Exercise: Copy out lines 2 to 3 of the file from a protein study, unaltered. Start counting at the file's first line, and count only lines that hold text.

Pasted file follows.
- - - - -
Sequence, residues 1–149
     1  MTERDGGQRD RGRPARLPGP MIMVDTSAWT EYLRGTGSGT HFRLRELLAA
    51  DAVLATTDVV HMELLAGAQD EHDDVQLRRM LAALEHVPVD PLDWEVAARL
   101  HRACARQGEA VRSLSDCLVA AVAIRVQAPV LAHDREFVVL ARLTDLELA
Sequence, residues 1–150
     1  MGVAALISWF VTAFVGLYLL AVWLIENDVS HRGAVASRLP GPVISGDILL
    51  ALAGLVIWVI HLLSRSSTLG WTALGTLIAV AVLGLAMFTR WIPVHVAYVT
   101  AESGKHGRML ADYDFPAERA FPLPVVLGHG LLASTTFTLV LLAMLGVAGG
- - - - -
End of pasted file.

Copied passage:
     1  MTERDGGQRD RGRPARLPGP MIMVDTSAWT EYLRGTGSGT HFRLRELLAA
    51  DAVLATTDVV HMELLAGAQD EHDDVQLRRM LAALEHVPVD PLDWEVAARL